There were just two days between Northern Ireland’s matches against San Marino and Germany. Time enough for the BBC to turn into headline news a petty dispute about the Irish FA’s guest-list for the official opening of the National Football Stadium at Windsor Park.
This event took place before the San Marino game on Saturday night and included a ‘lap of legends’, with ‘some famous Northern Ireland faces’ walking round the pitch ‘accompanied by (special guests) from the football family’. The IFA invited “well known fans”, like Carl Frampton, Jimmy Nesbitt, Gary Lightbody and others, but didn’t invite ‘Team Ireland’ Paralympians Jason Smyth and Michael McKillop.
Smyth complained about his omission on Twitter, choosing to ‘tag’ Sinn Fein deputy first minister Martin McGuinness in his tweet, while McKillop registered his public displeasure later.
This ‘story’ raises a few questions. Why on earth did the BBC think it important enough to lead its television news in Northern Ireland? What kind of person deems himself a ‘legend’? And, perhaps the least interesting: why weren’t the two athletes invited?
Smyth believes he was overlooked because he represents Team Ireland, rather than Team GB, two of whose members took part in the lap. The IFA blamed an ‘oversight’. The event had been arranged quickly and there were limited spaces for 'legends' available.
There’s no reason to doubt that explanation, particularly because the association made a later offer to add Michael McKillop to the event. However, had it decided to exclude ‘Team Ireland’ athletes on principle, the decision would have been perfectly justifiable.
Olympic teams and Paralympic teams, with very few exceptions, represent nation states.
Team Ireland, despite its misleading name, represents the Republic of Ireland, whose symbols it uses prominently. Athletes from Northern Ireland qualify for inclusion by virtue of their entitlement to citizenship of the Republic of Ireland, even though there is a separate UK team, Team GB, which represents Great Britain and Northern Ireland.
It’s true that many sports, like rugby and golf, organise on an all-Ireland basis. Though efforts to use inclusive symbols are often lacking, officially their representative teams represent both parts of the island, which spans two separate nation states.
It would be unusual if the Irish FA were not acutely aware of these fine distinctions around sports eligibility, because it was involved in a prolonged dispute with the Football Association of Ireland (FAI), the governing body for football in the Republic of Ireland. In recent years, the FAI persuaded young Northern Irish players to defect to its teams, for which they qualified by virtue of Republic of Ireland citizenship.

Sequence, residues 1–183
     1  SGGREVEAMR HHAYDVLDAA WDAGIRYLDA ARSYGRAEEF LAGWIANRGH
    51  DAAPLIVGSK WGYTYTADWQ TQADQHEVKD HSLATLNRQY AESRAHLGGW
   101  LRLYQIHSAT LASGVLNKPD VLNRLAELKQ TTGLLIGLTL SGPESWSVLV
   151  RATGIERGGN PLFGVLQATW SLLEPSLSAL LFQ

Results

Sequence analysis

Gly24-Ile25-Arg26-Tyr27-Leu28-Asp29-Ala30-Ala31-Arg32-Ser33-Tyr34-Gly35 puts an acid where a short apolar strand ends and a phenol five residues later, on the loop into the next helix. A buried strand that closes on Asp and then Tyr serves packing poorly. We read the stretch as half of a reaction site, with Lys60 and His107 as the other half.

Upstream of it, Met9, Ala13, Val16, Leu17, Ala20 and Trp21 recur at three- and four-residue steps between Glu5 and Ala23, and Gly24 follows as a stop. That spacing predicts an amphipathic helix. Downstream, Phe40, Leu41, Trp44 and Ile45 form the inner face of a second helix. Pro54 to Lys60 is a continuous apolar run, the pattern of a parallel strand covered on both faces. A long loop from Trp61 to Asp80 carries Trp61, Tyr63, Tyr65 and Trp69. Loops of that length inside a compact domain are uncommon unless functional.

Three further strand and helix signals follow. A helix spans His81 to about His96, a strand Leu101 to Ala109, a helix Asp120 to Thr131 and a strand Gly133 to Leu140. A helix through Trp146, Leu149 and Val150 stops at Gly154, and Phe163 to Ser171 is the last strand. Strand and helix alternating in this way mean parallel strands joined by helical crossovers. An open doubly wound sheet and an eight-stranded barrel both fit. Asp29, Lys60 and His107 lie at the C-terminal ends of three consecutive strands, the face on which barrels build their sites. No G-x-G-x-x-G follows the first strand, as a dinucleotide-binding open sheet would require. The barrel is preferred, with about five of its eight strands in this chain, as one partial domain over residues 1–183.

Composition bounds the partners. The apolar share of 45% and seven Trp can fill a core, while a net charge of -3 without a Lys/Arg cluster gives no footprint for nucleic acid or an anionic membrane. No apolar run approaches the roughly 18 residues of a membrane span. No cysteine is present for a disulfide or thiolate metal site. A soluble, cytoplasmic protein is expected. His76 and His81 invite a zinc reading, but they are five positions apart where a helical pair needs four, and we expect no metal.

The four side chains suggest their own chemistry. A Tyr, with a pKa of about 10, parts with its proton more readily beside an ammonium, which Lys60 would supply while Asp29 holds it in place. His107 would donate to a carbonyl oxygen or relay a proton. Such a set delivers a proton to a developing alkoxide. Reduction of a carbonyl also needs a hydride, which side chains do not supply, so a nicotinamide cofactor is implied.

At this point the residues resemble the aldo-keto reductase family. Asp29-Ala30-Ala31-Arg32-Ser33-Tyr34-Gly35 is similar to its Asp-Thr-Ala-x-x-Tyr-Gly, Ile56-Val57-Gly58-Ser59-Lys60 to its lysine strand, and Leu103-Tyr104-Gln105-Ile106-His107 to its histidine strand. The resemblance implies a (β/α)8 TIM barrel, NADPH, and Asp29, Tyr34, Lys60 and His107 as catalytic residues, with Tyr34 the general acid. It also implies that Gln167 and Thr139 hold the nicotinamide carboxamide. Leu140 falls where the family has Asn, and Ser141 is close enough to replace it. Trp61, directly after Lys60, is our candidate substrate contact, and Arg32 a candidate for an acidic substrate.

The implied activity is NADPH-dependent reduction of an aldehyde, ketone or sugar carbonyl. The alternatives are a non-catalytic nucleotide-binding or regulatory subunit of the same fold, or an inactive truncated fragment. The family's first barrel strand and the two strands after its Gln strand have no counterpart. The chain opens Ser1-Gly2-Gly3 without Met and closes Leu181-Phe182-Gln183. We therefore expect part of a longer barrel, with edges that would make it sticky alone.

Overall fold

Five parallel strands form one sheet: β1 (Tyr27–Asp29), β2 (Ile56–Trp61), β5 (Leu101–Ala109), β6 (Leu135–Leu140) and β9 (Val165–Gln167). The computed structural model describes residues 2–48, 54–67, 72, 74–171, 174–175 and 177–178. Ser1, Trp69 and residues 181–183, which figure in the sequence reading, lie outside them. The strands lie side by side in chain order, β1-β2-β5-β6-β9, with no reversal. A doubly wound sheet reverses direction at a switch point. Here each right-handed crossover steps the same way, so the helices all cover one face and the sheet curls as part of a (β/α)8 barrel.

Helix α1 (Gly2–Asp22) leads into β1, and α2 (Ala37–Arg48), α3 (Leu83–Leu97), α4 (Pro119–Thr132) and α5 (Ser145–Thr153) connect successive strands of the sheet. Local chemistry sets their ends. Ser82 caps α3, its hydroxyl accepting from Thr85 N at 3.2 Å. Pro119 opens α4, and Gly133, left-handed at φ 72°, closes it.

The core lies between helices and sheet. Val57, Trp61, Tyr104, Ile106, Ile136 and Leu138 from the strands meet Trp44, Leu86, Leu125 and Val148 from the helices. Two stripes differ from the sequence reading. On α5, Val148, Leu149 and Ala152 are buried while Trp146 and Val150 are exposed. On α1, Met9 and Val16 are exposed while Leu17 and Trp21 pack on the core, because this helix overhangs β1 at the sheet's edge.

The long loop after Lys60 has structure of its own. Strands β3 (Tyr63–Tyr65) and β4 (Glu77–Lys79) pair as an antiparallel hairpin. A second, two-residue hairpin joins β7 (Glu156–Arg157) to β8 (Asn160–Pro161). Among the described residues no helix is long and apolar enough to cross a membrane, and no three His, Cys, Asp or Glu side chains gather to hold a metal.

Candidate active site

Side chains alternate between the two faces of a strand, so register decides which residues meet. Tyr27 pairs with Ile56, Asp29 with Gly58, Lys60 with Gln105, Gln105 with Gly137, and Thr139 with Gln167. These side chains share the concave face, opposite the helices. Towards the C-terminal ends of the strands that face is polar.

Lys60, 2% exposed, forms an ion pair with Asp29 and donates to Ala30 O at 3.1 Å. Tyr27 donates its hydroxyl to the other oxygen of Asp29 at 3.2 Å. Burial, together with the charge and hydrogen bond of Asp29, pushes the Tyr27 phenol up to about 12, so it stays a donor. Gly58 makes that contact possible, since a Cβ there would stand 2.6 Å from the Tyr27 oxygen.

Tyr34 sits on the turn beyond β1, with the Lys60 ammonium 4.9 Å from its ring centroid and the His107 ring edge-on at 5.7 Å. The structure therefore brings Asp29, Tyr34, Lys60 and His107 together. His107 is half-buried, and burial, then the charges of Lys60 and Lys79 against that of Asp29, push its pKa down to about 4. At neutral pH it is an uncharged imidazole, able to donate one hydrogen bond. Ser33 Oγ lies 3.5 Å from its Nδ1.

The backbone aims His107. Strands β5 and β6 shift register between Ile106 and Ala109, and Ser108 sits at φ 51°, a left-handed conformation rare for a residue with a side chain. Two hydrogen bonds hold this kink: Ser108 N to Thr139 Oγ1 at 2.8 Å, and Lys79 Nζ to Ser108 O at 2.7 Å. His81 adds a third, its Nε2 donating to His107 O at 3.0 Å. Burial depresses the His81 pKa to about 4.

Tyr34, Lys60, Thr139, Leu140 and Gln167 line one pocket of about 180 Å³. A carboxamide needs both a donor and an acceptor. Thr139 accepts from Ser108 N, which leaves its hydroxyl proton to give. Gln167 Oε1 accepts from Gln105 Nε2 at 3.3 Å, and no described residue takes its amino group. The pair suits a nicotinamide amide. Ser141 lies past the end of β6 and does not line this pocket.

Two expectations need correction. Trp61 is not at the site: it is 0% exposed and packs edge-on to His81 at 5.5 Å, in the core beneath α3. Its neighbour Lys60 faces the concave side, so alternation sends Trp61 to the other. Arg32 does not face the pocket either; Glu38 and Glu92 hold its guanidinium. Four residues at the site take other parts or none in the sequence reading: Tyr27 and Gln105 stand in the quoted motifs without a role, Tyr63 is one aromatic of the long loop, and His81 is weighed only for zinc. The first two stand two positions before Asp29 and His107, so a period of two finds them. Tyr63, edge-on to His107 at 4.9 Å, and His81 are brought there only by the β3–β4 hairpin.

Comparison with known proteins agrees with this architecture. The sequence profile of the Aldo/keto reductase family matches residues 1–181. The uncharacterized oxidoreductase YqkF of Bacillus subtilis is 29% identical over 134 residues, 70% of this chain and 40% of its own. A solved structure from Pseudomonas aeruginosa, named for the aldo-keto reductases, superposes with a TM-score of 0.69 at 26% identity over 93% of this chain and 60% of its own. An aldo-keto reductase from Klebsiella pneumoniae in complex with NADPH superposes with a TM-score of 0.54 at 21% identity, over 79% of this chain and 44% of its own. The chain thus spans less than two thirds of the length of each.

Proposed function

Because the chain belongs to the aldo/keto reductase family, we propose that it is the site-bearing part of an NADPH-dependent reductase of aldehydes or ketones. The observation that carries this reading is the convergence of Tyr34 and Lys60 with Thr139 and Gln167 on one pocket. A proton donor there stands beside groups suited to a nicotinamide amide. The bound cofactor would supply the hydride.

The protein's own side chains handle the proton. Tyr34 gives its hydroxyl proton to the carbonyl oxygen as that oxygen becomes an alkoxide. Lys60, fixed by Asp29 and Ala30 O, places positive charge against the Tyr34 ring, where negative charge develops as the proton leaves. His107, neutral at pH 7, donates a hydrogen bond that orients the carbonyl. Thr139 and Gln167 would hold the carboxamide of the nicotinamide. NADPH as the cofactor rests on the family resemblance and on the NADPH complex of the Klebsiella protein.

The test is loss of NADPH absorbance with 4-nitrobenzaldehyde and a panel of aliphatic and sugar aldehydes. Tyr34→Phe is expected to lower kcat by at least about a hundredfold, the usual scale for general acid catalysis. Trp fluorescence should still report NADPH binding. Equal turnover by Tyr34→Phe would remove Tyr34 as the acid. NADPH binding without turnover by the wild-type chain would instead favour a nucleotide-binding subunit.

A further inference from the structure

Northern Ireland is a cross-community team and the Irish FA is a cross-community organisation. It is right and appropriate that it looks to include people from all backgrounds at its events and attempts to reflect Irish culture and symbols, but that’s not the same as recognising the symbols, teams or institutions of the Republic of Ireland.
Olympic and Paralympic sport features multiple events, and athletes from Northern Ireland find themselves representing the Republic for various reasons, which don’t always include political allegiance. The distinction between all-Ireland teams and Republic of Ireland teams is often ignored, either deliberately or because it causes confusion.
When Rory McIlroy stated his intention initially to compete for Team GB rather than Team Ireland at the Olympics, there were howls of outrage and copious personal abuse, because he had played previously for the Ireland golf team, organised by an all-Ireland body, the Golf Union of Ireland (GUI).
Rory later switched his allegiance to the Republic, before deciding eventually that he wouldn’t go to the Rio games at all. Throughout the whole acrimonious discussion, it was scarcely acknowledged that the GUI was always supposed to represent both parts of the island, relying on funds from member golf clubs in both nation states.
It would be odd if the Irish Football Association, of all sporting bodies, were so cavalier about important differences. It is not responsible for the common conflation of 'Ireland' with the 'Republic of Ireland' and 'Irish' with 'citizen of the Republic of Ireland state'. It’s that stubborn refusal by many nationalists to accept the fact of Northern Ireland’s existence that is frequently at the root of false controversies about discrimination against Irishness.